For me, it had been one of those moments of jaw-dropping, cosmos-reconfiguring truth dropping deeply into my soul. This is what it means to be a Christian, I realised in that moment; it's to remain what I have received here at this table, to live in the light of the knowledge that Jesus lives in me and I in Him, to know that I am part of the same body I've received here. If I could have formulated a response in that moment, it would have been an inarticulate but utterly genuine 'okay.' Remain what you have received, I prayed silently for each person this morning as they returned to their pews.

This line of thinking draws on the great St Augustine of Hippo, whose sermon on what happens when we take communion has, thankfully, been preserved. Augustine, drawing on St Paul's grand vision of the church as the body of Christ, says this:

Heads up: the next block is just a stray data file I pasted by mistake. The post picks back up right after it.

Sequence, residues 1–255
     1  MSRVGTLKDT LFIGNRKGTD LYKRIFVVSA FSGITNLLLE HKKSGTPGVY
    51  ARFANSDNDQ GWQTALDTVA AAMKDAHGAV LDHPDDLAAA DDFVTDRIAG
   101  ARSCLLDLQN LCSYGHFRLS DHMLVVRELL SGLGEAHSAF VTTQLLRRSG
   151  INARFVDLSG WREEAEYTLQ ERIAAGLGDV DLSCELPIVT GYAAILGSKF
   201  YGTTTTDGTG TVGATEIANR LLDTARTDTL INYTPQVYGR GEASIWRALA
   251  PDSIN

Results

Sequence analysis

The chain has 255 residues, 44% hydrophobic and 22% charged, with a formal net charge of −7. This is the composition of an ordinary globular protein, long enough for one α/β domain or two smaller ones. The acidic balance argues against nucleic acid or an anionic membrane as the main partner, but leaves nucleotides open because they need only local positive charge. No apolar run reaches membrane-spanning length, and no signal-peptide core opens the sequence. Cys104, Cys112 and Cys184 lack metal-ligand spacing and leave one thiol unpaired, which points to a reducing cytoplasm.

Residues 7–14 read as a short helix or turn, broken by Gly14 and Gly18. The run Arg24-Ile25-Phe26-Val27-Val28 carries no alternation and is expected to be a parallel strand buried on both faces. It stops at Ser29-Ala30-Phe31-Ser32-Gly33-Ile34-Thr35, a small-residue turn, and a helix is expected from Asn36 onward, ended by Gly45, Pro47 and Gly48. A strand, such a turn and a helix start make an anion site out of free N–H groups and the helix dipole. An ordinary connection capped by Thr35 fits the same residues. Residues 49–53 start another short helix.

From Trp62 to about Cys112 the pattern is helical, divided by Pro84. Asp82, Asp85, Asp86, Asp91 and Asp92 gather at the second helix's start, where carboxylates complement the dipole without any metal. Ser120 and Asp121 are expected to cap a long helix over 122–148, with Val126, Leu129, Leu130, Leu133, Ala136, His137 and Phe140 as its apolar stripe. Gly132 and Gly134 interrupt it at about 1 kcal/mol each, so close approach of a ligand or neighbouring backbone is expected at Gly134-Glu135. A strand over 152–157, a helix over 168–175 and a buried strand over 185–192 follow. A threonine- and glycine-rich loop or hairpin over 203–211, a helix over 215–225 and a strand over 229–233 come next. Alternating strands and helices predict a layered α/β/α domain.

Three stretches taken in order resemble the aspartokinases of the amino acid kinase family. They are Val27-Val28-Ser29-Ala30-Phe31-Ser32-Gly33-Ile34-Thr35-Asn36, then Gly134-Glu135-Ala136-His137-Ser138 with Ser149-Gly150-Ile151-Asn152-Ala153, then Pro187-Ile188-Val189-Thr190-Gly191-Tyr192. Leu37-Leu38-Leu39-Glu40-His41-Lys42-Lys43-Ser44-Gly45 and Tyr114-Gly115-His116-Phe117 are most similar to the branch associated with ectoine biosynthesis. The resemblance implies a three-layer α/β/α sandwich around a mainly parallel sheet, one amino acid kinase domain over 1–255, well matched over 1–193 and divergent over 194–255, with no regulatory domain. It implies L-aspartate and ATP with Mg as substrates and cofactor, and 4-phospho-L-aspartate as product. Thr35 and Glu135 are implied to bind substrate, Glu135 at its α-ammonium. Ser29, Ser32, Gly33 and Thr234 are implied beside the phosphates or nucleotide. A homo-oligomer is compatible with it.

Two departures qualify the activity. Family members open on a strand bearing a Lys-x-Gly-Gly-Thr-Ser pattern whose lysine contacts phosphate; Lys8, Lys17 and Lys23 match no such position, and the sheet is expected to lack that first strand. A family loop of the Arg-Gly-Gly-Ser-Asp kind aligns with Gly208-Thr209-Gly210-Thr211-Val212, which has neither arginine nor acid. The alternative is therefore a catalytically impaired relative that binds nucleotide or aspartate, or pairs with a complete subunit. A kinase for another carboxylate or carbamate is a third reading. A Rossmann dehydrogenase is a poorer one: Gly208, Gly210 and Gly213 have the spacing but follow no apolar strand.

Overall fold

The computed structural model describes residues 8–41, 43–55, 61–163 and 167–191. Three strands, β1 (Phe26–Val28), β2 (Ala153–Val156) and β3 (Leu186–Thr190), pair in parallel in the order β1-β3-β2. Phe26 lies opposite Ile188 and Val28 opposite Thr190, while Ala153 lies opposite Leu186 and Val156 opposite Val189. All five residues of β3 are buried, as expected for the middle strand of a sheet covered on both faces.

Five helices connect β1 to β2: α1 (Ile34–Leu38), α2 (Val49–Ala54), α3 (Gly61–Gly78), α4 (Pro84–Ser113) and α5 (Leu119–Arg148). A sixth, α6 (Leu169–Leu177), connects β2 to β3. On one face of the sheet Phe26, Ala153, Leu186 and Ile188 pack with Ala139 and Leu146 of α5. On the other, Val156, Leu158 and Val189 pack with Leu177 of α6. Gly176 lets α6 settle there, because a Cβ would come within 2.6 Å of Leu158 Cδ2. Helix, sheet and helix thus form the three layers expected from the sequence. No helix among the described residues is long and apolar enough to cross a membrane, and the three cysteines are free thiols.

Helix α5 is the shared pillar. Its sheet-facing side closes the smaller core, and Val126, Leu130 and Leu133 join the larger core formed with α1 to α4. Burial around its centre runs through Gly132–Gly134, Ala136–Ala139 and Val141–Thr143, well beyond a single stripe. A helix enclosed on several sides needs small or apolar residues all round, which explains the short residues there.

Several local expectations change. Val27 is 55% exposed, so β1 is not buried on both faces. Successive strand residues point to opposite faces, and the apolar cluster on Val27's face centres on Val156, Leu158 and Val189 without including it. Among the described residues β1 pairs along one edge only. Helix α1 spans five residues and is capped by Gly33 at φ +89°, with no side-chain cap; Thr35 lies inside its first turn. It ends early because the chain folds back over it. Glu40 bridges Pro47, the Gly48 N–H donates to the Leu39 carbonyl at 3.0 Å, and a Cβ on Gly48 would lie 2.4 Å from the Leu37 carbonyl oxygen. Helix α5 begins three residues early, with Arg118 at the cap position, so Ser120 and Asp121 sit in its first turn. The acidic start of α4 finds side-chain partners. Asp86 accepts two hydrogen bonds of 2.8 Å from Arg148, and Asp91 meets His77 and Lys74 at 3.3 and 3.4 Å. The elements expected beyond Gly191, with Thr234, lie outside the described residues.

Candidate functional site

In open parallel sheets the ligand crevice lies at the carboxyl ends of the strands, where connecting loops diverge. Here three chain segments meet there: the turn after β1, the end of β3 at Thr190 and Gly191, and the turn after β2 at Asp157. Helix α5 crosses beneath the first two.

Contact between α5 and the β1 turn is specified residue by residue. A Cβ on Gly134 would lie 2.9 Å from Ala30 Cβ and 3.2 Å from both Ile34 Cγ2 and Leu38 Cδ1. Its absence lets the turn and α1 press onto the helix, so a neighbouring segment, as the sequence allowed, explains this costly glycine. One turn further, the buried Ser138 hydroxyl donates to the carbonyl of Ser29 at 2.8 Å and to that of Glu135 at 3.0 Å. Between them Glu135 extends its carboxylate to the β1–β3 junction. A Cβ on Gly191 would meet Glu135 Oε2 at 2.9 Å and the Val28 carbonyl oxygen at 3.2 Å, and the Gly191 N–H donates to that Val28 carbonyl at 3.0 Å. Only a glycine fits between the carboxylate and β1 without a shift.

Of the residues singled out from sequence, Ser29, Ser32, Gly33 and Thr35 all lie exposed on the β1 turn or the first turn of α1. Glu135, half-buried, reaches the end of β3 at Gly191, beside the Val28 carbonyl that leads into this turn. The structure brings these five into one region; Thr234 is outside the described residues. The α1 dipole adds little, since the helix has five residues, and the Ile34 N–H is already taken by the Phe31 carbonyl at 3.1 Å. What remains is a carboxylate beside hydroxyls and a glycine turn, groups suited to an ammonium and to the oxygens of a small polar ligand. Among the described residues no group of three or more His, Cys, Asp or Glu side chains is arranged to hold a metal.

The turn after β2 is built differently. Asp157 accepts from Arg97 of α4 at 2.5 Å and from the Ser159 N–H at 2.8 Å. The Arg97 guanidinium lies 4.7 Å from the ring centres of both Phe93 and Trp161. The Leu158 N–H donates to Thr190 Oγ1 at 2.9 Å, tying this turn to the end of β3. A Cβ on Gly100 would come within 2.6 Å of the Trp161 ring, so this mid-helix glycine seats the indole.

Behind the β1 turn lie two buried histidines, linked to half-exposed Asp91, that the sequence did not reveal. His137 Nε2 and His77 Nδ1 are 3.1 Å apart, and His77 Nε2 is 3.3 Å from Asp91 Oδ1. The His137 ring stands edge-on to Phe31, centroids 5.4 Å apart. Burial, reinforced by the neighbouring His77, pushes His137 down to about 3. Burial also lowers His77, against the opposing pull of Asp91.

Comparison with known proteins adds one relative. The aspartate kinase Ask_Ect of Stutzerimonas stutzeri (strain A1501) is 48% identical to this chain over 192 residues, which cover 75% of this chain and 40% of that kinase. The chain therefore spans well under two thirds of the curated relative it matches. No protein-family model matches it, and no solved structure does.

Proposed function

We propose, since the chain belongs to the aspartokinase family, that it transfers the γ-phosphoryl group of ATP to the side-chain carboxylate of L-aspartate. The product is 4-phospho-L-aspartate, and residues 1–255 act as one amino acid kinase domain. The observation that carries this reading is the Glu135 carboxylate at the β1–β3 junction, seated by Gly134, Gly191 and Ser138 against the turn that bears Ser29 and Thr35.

"The bread is Christ's body, the cup is Christ's blood. If you, therefore, are Christ's body and members, it is your own mystery that is placed on the Lord's table! It is your own mystery that you are receiving! You are saying 'Amen' to what you what you see; receive what you are." (The full text of this commendably short sermon can be found here. It really is worth a read.)

Back to the hall of mirrors. As I say, all the time as we are surrounded by reflections of ourselves, both by those around us and within our own minds, like department store dressing rooms. Some of these reflections are flattering (some suspiciously so), some are warmly encouraging, some soberingly realistic, some stringently chastening, some ludicrously off-beam, some disturbingly close to our own fears and shadowy intuitions. We can't avoid this hall of mirrors; the best we can do is to walk through it with a  sense of proportion and preferably with a couple of people who are good enough friends to tell us when we're losing our vision of who we really are.